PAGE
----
Multi-Family Acquisitions

The Altis Cardinal team knows how to identify markets that offer returns to high performing assets and we know how to asses whether its operations are suited to meet the challenge. Some projects underperform despite being situated in high potential markets. These present Altis Cardinal an opportunity to add value through targeted investments and expert management.

Skyline on Fifth

Skyline on Fifth was planned as a condominium development in the 1960s, but it was never brought to market as intended. Ownership of the property changed hands for years, including several times during the years of the Great Recession. Finally, Altis Cardinal acquired the property in 2012 while it was operating as an apartment building. The Altis Cardinal team recognized that the property was underperforming and took on the challenge of bringing it to its full potential.

True to its original design as a high-end condominium, Skyline on Fifth’s structure offers wide living spaces and communal areas to host amenities. However, its facilities were worn down, its common areas needed refurbishing and units needed remodeling; Skyline on Fifth needed investment in the right places to reach its full potential.

Altis Cardinal was the right group to bring Skyline on Fifth the investment it needed. Consulting local architects and interior designers, our team recognized the opportunities to add value and applied our construction management know-how to get the job done. We updated the pool area adding grills and local artwork. We modernized unit interiors. We revamped the gym with new design and new equipment. We redecorated the lobby with new floors, local art and new furniture. We created a co-working space for residents and a pet washing station for their pets. This series of targeted investments increased satisfaction from our existing residents and increased demand from new-comers to the area.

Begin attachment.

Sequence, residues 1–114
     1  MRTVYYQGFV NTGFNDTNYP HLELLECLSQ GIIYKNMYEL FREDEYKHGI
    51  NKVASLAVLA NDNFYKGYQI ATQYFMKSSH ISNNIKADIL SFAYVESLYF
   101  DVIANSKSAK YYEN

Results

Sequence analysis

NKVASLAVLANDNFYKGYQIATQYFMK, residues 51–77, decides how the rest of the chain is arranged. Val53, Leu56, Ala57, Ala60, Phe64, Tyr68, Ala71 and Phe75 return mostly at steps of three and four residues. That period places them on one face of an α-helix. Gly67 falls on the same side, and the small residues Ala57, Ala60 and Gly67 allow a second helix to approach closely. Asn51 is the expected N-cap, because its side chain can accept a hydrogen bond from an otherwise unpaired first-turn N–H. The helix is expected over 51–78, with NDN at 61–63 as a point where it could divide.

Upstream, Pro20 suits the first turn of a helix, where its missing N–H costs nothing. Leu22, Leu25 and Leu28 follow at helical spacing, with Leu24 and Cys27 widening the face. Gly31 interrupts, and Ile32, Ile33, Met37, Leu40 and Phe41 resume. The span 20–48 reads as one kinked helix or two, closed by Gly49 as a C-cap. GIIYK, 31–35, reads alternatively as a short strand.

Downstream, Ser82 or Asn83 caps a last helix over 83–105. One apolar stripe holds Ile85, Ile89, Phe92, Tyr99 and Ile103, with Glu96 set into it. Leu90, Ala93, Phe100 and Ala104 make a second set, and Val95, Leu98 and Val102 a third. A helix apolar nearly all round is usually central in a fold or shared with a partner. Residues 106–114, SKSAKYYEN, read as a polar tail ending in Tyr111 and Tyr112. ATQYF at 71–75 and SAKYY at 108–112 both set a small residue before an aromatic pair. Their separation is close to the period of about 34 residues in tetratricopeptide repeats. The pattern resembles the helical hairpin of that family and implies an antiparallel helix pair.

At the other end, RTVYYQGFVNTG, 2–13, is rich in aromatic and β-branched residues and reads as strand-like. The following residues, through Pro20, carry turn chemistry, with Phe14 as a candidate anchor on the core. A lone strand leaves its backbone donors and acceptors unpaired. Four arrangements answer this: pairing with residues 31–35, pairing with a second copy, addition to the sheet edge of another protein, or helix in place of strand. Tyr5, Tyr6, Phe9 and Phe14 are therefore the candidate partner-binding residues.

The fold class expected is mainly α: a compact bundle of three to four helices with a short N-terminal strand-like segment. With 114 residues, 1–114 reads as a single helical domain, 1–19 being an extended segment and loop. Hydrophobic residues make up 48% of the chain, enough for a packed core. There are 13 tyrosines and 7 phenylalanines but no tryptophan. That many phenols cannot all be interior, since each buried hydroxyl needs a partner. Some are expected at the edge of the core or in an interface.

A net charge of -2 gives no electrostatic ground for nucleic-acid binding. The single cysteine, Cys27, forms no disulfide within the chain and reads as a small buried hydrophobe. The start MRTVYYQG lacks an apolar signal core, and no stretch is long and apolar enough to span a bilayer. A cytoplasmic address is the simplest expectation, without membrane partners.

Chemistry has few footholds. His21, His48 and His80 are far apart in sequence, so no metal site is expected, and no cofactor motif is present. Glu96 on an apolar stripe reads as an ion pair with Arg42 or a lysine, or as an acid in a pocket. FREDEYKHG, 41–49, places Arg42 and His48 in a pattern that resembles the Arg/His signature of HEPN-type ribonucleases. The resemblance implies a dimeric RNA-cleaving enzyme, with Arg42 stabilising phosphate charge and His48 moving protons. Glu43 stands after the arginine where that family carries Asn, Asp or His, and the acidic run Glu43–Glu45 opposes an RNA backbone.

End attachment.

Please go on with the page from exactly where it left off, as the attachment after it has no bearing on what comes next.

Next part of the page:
Altis Cardinal’s investment in the area didn’t stop at the first acquired property. Our experience at Skyline on Fifth proved that Historic Kenwood was ripe for economic and community growth. We acquired a motel across the street that was attracting undesirable activity and turned it into self-storage facility to serve our community. We acquired two vacant office buildings on our own block to repurpose them as additional apartment buildings for our community. Read our Elements on Third Case study to learn more about these developments.